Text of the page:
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Solicitor Advocates in Scotland: A Statistical Analysis - Research Findings

DescriptionInvestigates the characteristics of solicitor advocates, the cases they are involved in, and their impact on court business.
ISBN
Official Print Publication Date
Website Publication DateNovember 23, 2000
Legal Studies Research Findings No. 32Solicitor Advocates in Scotland: A Statistical Analysis

Debbie Headrick

This Research Findings reports the results of one of 3 separate projects forming a study of the impact of the introduction of solicitor advocates in Scotland. The project was designed to investigate the characteristics of solicitor advocates, the cases in which they were involved, and their impact on court business. The research was based mainly on analysis of data collected from court records, and from records held by the Scottish Legal Aid Board covering cases concluded between September 1994 and August 1996.

Main Findings

  • As at August 1996, there were 87 solicitor advocates, 53 with rights of audience in the criminal courts only, 32 with rights of audience in the civil courts only and 2 with rights of audience in both civil and criminal courts.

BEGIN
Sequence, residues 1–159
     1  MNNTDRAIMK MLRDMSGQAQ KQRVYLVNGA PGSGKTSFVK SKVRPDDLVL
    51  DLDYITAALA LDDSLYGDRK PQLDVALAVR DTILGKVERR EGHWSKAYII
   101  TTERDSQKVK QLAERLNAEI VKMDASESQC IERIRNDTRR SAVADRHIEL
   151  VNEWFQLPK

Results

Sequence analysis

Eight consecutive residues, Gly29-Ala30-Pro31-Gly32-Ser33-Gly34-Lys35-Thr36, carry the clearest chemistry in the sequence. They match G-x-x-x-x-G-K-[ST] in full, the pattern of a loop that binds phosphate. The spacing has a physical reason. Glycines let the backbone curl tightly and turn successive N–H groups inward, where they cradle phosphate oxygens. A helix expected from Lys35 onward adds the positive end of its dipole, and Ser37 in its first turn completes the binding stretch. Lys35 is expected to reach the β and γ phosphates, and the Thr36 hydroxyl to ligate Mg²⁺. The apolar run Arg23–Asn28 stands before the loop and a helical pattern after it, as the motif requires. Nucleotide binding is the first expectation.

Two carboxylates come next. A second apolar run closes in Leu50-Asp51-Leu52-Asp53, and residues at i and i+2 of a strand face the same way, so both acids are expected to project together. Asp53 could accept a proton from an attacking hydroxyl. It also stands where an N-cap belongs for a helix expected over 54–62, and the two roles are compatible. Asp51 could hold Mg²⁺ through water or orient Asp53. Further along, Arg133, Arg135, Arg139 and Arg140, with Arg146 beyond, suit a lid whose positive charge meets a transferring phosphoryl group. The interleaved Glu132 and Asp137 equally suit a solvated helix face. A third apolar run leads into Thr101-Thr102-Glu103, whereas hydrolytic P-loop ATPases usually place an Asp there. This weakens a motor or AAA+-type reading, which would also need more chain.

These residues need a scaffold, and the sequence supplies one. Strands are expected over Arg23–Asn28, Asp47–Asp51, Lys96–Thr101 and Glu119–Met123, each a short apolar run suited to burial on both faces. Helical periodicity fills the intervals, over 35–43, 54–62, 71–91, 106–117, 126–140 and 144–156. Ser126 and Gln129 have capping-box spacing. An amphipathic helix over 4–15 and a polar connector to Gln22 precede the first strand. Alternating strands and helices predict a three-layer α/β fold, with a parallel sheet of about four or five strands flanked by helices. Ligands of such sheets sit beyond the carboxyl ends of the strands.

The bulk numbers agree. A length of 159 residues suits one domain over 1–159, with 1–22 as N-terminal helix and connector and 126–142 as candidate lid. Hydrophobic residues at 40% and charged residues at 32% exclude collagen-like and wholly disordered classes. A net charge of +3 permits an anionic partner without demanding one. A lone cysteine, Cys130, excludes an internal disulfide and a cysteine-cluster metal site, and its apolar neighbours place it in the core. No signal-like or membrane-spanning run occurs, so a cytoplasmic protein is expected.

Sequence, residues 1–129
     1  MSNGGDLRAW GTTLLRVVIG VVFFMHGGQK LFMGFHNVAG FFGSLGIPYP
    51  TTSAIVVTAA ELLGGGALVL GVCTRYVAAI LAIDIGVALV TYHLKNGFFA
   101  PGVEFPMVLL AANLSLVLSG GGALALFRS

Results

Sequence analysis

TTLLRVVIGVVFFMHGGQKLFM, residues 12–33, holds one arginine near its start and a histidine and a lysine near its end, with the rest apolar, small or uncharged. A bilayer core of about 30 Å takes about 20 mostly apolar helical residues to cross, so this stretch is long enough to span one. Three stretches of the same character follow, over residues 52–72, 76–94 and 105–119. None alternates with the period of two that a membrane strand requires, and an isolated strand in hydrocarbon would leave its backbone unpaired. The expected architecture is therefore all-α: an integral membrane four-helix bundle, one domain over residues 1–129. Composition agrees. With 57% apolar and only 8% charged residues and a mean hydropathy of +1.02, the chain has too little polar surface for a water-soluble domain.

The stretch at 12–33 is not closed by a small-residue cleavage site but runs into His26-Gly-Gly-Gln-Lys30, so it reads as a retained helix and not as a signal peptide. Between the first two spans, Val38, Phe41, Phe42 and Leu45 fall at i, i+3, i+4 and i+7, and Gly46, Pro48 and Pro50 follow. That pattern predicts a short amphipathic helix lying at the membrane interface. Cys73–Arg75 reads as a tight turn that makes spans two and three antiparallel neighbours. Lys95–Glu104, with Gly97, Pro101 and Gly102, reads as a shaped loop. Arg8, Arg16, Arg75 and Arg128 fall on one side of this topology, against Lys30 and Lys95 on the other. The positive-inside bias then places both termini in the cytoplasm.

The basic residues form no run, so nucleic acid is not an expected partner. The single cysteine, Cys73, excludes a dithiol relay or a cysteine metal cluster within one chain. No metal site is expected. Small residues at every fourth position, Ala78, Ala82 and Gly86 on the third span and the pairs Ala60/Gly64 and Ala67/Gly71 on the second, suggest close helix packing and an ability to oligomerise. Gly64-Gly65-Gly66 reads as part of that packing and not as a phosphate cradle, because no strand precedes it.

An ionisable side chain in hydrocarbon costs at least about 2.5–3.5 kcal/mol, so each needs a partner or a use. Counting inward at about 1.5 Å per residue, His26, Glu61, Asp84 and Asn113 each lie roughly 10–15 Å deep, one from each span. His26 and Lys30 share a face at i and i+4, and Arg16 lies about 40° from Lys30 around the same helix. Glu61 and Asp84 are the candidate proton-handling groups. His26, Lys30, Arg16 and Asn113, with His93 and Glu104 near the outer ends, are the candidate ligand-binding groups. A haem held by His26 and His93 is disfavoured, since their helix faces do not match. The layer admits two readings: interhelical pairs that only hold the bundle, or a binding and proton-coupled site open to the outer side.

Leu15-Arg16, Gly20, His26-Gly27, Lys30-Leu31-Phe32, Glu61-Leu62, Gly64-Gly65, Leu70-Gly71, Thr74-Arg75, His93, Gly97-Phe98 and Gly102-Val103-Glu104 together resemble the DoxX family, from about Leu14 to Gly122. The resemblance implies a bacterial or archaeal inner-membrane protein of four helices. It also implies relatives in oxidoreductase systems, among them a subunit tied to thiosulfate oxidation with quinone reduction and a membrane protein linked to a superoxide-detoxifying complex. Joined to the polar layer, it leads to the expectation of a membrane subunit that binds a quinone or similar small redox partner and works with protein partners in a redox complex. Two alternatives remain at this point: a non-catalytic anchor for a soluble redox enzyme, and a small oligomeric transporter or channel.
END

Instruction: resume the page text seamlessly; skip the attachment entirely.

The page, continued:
• As at August 1996, the majority of solicitor advocates were male, aged between 41 and 50, and were partners in private practice.
  • The proportion of criminal cases involving the appearance by a solicitor advocate was significantly higher than for civil cases. Solicitor advocates had appeared in just 2% of civil cases in 1995-1996; in the same period, 11% of criminal trials and 12% of bail appeals had involved solicitor advocates.
  • Criminal solicitor advocates were particularly likely to appear in trial cases at Glasgow High Court.
  • Civil solicitor advocates were particularly likely to appear in commercial actions.
  • Civil solicitor advocates tended not to appear at every hearing in a case, with the majority of their cases also involving appearances by advocates. The exception to this was in commercial actions where solicitor advocates tended to appear at every hearing in a case.